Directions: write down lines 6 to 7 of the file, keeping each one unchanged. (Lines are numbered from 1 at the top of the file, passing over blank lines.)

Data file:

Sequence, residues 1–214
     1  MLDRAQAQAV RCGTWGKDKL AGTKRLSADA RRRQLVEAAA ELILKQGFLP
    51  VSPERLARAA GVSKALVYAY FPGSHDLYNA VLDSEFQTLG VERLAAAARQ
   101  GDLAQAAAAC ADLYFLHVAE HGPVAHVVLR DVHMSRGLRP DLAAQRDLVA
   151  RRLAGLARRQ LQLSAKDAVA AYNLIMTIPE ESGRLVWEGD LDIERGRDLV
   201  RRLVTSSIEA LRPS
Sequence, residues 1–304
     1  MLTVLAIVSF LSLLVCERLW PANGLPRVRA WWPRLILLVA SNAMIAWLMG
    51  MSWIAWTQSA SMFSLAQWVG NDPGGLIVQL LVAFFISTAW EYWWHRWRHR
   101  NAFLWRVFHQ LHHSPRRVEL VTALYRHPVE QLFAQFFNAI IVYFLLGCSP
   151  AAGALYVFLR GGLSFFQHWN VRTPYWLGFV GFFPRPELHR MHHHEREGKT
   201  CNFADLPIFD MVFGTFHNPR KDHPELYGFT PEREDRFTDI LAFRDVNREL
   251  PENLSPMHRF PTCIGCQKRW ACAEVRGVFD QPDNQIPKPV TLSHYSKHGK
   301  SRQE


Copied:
   201  RRLVTSSIEA LRPS
Sequence, residues 1–304